Top 500 Profile: Numbers Game
authors Kyle Clapham | March 8, 2018
Before he started his own company, Matt Millsap worked for contractors who ran their business like many other construction entrepreneurs. They kept a checkbook in the passenger seat of their truck and relied on the same methods they used 15 years ago. When he asked for a laptop, smartphone or even an email address, they quickly invoked their track record without using those technologies.
“It was hard to be a good employee because I never had the right tools to do my job very well,” says Millsap, who established Building Company No. 7 in Nashville, Tennessee, in 2009. “The owner had to be involved in the day-to-day operation; [he] could never get away because everything was in his brain. He was the only one who knew it, and he almost [concealed] the information so he had to be there.
“I didn’t want to have to always be there. I wanted to be able to have some really talented people that could run the company [while I] was out doing business development,” he adds. “That’s why it’s Building Company No. 7 and not Matt Millsap Construction—because I didn’t want it to be about me. I wanted it to be about creating an organization [with] standard operating procedures.”
From the beginning, Millsap implemented formal processes so that each employee understood the expectations and knew how to document a bill, for example. The company structure allowed him to concentrate on growing the business, especially in the first few years. Millsap also learned the importance of accurate accounting and monitoring the financial numbers to anticipate challenges.
“I almost went out of business [between 2010 and 2011] because I thought that it was all about revenue. If you have a [sizable] company and it’s not running right, and your numbers aren’t where they need to be, you can go right out of business,” he says. “That really [opened] up my eyes. We were in the hole because I was focusing on revenue [as opposed to] efficiency and managing the numbers of the business properly.”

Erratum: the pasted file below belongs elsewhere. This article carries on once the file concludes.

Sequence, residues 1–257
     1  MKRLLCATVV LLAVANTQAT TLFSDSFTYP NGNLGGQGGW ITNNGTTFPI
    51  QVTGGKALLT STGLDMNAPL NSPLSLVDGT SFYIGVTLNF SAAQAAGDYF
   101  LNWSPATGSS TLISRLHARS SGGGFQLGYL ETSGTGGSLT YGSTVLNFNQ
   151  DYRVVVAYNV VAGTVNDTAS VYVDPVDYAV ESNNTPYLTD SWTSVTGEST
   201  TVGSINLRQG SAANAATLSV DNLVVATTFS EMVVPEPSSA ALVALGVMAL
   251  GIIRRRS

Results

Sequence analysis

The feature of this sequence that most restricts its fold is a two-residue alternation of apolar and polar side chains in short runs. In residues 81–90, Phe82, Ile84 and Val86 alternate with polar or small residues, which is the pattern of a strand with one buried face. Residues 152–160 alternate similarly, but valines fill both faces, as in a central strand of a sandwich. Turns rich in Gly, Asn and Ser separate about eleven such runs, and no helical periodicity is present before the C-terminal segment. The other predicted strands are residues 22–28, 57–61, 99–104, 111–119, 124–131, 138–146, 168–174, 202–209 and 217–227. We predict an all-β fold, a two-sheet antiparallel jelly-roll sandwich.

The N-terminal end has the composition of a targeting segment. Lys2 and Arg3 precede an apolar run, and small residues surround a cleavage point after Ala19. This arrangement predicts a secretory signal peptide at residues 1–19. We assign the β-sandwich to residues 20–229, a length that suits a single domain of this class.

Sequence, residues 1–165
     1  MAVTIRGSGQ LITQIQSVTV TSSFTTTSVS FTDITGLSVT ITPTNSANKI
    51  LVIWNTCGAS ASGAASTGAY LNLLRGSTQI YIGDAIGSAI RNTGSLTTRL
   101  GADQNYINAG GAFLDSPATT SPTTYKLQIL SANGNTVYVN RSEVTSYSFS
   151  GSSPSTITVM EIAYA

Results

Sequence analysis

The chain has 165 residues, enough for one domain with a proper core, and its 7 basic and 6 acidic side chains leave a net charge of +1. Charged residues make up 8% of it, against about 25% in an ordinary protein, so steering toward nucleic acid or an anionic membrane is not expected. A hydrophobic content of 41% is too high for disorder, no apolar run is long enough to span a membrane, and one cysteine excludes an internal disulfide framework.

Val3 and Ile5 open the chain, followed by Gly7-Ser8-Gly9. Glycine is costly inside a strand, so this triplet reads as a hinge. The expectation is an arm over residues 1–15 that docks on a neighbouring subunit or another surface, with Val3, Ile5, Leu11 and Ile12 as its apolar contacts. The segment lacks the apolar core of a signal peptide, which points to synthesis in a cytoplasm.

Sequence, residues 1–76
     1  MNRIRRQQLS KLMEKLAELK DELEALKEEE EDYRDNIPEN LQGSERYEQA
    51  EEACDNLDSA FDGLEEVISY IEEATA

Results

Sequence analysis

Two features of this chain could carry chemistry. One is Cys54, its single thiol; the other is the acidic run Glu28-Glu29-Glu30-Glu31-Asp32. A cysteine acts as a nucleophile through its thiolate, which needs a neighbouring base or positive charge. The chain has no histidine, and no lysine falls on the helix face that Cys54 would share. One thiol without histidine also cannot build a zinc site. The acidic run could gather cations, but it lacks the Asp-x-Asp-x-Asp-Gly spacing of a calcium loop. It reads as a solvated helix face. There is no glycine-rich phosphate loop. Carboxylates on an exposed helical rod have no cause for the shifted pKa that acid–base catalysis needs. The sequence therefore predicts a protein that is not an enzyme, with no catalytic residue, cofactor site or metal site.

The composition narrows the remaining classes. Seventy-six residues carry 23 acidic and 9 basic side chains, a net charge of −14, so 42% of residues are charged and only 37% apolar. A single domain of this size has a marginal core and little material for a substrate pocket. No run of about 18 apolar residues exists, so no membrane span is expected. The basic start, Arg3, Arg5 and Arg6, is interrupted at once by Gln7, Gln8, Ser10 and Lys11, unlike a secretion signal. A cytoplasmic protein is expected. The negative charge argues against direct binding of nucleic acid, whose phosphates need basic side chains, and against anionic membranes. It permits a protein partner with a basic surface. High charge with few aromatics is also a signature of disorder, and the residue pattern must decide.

Millsap says he used to spend $50,000 to $60,000 a year on marketing, and 95 percent of the leads came from the internet. As he built more relationships with local architects in Nashville, however, they began sending him their plans and helping the company win additional bids. Now only 5 percent of leads for the business come from the internet, while 95 percent arrive via architects and other referrals.
“We get a highly qualified client that we have a very high chance—like greater than 70 percent chance—of being awarded the project,” Millsap explains. “If I can have a relationship with 13 different architects and each of them sends me two jobs a year, that’s 26 qualified leads, plus the referrals we’ll get when we bring in the architect. I didn’t want to alienate myself from all those other architects [by doing the design in-house].”
This approach has generated bigger projects for the company, such as additions and whole-house renovations. Until last year, Millsap would refer smaller jobs—which included most kitchen and bathroom remodels—to other contractors. But after recognizing a surge in requests for bathroom projects over the past summer, he created a new division to deal with minor jobs and handyman work.
“It goes back to kitchens and bathrooms when the economy starts to tighten up, [so] there’s not going to be as many of the big jobs,” says Millsap, who founded his company during the Great Recession. “We went about it intentionally but also to diversify the services we offer. When the [downturn] comes, we’re prepared [for] those smaller jobs.”
In the meantime, Building Company No. 7 will continue to focus on more comprehensive renovations in the historic parts of Nashville. “We get a lot of noteworthy projects because we can incorporate new building science with an old structure, which can be hard to do,” he adds. “But when the budget is there, it allows us to do [those enhancements].” | QR